What the Red-Hot Job Market Means for Workers
Published: September 01, 2022
The COVID-19 pandemic kicked off a severe labor shortage — and quite possibly the most worker-friendly job market in many years. Unpredictable demand shifts exposed pre-existing mismatches between the knowledge and skills of available workers and the tasks for which they are needed. The sheer number of available jobs has also been running far above the number of unemployed job seekers. For example, employers reported 11.4 million job openings in April 2022, while there were only 6.0 million unemployed persons.1
This smorgasbord of open positions provides job seekers with more choices and more leverage. U.S. workers have been quitting their jobs at record rates, in many cases to join new employers offering higher pay, lucrative benefits, better working conditions, or the option to work remotely.2
More intense competition for workers drove the average hourly wage up 5.5% for the year ending in April 2022, but inflation rose 8.3% over the same period, according to the Consumer Price Index (CPI).3 Unfortunately, real wages, which are adjusted for inflation, dropped as prices spiked. Workers don’t really benefit from wage gains unless they outpace inflation, because it cuts into their buying power.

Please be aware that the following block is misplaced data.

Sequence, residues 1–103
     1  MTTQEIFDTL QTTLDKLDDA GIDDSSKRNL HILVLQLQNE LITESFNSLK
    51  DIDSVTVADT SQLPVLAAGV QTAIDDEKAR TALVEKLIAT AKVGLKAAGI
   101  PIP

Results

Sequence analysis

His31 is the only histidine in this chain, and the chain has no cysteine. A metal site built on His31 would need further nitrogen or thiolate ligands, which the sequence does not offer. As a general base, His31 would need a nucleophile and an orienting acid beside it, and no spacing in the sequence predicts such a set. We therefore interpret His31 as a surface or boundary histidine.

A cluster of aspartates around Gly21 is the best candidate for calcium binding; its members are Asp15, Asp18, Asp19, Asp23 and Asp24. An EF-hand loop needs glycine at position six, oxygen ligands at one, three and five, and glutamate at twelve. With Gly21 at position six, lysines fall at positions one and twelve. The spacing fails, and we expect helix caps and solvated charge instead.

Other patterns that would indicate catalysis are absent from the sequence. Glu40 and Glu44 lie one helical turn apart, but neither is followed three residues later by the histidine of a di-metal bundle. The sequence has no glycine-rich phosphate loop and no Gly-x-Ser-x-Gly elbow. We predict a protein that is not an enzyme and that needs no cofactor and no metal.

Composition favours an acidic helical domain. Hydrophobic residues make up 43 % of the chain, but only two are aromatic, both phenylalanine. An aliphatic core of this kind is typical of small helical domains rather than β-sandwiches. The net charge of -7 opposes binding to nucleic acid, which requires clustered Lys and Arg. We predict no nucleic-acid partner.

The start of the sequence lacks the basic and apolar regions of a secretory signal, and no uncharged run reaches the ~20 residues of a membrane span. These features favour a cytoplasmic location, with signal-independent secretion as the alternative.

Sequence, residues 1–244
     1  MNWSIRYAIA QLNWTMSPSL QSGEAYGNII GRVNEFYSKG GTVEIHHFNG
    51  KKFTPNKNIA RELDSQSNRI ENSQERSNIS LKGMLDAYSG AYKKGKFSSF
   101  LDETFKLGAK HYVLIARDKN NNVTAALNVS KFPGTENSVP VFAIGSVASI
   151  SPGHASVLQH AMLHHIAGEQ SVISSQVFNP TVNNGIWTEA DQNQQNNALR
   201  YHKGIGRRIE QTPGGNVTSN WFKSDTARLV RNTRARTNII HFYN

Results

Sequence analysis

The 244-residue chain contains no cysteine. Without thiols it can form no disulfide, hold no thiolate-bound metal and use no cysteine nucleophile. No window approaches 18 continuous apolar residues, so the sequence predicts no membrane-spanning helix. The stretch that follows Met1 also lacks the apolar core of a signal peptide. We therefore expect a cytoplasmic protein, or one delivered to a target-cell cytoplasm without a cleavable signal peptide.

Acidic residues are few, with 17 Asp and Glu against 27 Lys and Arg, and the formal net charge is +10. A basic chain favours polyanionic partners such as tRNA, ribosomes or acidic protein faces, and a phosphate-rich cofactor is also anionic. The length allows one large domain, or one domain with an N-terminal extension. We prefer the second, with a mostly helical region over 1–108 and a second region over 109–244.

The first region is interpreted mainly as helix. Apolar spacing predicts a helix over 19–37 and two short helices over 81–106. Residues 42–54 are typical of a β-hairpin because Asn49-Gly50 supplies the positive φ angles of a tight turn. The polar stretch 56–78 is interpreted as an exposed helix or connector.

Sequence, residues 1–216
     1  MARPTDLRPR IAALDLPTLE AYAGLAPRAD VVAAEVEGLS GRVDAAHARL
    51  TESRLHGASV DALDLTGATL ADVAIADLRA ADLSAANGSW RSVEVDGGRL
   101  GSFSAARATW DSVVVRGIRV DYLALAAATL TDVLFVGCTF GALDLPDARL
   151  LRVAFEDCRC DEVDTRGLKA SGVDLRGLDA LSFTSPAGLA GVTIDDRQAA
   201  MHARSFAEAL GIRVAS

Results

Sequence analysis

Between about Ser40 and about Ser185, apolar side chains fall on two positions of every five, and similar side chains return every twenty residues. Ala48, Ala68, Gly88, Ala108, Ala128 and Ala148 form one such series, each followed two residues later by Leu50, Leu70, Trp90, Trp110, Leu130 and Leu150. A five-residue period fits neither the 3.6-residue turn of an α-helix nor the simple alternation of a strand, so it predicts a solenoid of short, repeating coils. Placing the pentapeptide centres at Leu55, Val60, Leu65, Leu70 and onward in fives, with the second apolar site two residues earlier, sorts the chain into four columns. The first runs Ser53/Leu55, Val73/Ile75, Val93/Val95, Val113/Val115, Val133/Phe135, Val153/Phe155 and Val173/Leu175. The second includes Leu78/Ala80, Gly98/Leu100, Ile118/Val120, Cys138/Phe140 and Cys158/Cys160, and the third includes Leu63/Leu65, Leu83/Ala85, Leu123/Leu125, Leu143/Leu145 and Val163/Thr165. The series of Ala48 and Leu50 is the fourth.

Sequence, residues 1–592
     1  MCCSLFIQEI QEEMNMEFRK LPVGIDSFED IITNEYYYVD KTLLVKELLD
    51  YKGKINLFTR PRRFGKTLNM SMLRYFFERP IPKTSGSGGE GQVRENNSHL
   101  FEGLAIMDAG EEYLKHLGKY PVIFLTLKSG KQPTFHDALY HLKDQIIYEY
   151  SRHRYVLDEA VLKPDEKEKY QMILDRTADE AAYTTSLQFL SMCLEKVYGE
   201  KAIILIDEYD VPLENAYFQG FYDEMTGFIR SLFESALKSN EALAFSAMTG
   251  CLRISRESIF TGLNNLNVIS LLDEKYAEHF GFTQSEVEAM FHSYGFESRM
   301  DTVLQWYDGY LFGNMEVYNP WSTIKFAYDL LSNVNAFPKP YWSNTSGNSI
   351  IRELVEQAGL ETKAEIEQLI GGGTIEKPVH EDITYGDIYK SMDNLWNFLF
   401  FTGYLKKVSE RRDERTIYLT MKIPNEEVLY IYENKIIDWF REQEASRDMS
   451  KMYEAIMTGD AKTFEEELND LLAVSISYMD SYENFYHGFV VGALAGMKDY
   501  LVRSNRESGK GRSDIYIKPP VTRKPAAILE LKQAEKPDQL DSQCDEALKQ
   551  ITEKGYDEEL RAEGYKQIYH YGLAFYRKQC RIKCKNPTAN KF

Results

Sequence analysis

Even so, labor shortages have been more acute in some industries, especially for lower-paying and in-person jobs, which led to bigger wage increases for some types of workers. For the year ending in April 2022, wages grew 11.0% in the hospitality and leisure industry and 7.4% in transportation and warehousing.4
The labor force has been aging and shrinking, and retirees’ share of the U.S. population has been growing. Economists have been anticipating a wave of baby boomer retirements, some of which were accelerated by the pandemic. Between February 2020 and November 2021, up to 2.6 million more people retired than were expected to based on previous trends.5
Bigger paychecks could inspire some early retirees and stay-at-home parents to seek jobs, but labor force participation may never return to pre-pandemic levels. This means employers might need to change their hiring practices, reduce experience and education requirements, or provide training programs, opening the door to better-paying jobs for more workers. It’s also possible that automation technologies will help fill the gap.